Retention of Meltwater

The following article is from The Great Soviet Encyclopedia (1979). It might be outdated or ideologically biased.

Retention of Meltwater


the reduction by agricultural practices of meltwater runoff. It is particularly important in regions where moisture is insufficient or uneven. The runoff of meltwater results in an annual loss for agriculture of, for example, 50–100 mm of annual precipitation in the central chernozem regions of the USSR and 20–60 mm in the Volga Region. The runoff washes away soil particles, causing erosion, and also removes organic matter and the mineral elements of plant nutrition.

The principal means of retaining meltwater is the use of proper methods of cultivation, employing a combination of special techniques. Deep fall plowing across a slope or con-tour plowing is used mainly for slopes of up to 2°. On slopes of 2°–4°, fall plowing is combined with embankment; ridges 15–20 cm high are made every 140 (175) cm across the slope with an elongated moldboard set on the base of a tractor plow. On slopes of 5° or more, the ridges are made across and along the plowed portions [140(175) × 230(250) cm] using a plow with an elongated moldboard and a special ridger. On steep slopes, good results are achieved by making holes in a late-fall plowed field (diamond-shaped holes are made on the soil surface with a dibbler); by chiseling a late-fall plowed field (deep cultivation across the slopes in strips); by cultivating without a moldboard; by plowing with subsoiling and mole plowing; and by terraced plowing. Before the snow starts to melt, snow barriers are erected across the slopes, the snow is packed in strips, and so forth. Snow retention facilitates the accumulation of meltwater.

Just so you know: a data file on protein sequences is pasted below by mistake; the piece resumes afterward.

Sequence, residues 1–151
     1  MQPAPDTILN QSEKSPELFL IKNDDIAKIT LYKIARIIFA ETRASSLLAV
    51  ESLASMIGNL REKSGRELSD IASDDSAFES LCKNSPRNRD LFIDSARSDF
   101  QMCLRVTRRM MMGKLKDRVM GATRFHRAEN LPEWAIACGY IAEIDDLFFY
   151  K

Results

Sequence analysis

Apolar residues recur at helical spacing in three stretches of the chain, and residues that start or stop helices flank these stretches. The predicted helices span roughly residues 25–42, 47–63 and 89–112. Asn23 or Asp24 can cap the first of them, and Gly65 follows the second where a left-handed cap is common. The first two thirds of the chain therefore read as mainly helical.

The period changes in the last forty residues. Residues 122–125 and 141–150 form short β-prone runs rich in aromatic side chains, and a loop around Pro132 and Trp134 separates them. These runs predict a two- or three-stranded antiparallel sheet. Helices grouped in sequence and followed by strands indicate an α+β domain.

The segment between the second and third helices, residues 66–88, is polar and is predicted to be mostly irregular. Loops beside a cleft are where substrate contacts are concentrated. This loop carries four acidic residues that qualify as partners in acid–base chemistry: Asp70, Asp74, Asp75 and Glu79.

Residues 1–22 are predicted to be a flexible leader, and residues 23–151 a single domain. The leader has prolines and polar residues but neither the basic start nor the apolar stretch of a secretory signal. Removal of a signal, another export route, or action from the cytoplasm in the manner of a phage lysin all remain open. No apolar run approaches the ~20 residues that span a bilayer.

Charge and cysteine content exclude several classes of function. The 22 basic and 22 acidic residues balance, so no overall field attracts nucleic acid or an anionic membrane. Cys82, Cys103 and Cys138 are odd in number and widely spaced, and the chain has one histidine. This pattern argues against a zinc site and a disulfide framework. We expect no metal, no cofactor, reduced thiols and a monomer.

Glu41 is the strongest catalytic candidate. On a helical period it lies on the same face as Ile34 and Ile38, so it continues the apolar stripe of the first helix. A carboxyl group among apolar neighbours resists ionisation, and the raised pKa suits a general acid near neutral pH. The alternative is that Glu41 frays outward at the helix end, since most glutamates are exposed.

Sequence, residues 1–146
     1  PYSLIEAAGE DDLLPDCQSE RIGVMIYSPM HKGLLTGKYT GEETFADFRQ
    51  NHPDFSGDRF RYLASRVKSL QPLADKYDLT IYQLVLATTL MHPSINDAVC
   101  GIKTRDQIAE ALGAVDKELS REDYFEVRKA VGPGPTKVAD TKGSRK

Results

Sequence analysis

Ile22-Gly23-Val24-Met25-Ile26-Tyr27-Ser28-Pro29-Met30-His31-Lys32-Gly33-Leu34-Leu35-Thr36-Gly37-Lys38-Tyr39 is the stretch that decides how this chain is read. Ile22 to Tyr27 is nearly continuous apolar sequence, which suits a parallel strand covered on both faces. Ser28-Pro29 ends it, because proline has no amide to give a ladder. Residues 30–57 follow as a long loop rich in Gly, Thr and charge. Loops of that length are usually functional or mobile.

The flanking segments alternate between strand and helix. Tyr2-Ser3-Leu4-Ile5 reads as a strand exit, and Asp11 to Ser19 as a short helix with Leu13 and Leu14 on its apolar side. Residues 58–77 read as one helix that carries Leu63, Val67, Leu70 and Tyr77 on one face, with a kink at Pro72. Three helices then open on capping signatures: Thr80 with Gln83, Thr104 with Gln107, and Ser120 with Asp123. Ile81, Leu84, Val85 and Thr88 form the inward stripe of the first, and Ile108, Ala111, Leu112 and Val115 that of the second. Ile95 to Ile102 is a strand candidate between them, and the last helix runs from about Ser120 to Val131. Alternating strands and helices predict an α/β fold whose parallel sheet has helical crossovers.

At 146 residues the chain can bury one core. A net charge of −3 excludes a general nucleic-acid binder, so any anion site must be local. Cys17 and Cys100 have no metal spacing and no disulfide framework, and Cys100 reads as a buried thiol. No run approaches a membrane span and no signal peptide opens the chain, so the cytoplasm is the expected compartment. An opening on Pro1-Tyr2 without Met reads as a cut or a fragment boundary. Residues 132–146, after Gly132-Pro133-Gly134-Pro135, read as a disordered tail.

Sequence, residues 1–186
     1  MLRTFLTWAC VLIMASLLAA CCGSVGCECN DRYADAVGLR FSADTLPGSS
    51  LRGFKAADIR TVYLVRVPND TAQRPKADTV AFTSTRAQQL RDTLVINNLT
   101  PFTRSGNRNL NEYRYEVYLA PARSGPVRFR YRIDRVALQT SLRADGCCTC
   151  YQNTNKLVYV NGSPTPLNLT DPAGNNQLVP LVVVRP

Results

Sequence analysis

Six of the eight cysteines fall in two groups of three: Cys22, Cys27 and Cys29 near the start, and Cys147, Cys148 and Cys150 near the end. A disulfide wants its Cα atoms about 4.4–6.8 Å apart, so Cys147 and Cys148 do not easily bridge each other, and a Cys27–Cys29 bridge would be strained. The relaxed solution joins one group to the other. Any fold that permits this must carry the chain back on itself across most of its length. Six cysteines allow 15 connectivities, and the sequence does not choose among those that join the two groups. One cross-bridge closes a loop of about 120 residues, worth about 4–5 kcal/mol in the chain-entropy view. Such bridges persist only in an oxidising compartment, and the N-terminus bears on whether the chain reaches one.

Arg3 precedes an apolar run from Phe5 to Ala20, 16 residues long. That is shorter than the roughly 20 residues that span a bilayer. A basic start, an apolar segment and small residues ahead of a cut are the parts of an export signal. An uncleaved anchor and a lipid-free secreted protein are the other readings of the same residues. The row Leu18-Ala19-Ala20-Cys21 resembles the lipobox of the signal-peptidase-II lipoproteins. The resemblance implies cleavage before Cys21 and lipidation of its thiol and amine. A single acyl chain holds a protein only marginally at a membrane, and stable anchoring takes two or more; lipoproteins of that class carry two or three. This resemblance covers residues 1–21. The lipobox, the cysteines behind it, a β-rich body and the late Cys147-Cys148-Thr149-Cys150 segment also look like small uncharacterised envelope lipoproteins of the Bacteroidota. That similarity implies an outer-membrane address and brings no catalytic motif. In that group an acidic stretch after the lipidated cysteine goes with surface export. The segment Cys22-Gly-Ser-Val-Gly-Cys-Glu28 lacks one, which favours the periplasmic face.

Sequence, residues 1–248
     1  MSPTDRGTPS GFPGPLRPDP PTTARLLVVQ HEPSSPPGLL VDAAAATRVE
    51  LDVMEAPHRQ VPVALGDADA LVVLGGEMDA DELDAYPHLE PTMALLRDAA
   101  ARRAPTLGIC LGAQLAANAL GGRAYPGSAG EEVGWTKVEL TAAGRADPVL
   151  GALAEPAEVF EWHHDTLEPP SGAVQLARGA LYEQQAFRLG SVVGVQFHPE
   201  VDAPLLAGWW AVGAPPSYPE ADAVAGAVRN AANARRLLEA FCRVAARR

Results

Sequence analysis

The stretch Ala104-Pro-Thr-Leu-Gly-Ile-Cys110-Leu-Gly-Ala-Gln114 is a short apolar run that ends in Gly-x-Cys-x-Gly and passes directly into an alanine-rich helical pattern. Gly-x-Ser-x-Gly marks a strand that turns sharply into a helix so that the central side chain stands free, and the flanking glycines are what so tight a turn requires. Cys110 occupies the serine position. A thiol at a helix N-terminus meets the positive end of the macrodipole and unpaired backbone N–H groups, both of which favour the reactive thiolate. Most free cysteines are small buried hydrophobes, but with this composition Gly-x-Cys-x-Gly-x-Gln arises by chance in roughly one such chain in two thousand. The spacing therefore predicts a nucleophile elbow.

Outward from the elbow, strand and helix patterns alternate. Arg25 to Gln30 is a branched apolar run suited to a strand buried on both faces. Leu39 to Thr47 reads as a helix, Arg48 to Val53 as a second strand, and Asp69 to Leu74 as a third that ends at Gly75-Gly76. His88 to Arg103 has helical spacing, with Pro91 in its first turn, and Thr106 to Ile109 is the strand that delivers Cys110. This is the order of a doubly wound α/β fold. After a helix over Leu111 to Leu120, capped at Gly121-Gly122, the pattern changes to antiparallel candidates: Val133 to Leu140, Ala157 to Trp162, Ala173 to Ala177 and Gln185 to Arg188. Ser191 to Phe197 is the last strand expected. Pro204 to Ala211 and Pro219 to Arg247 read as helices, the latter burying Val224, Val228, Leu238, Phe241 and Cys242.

The Great Soviet Encyclopedia, 3rd Edition (1970-1979). © 2010 The Gale Group, Inc. All rights reserved.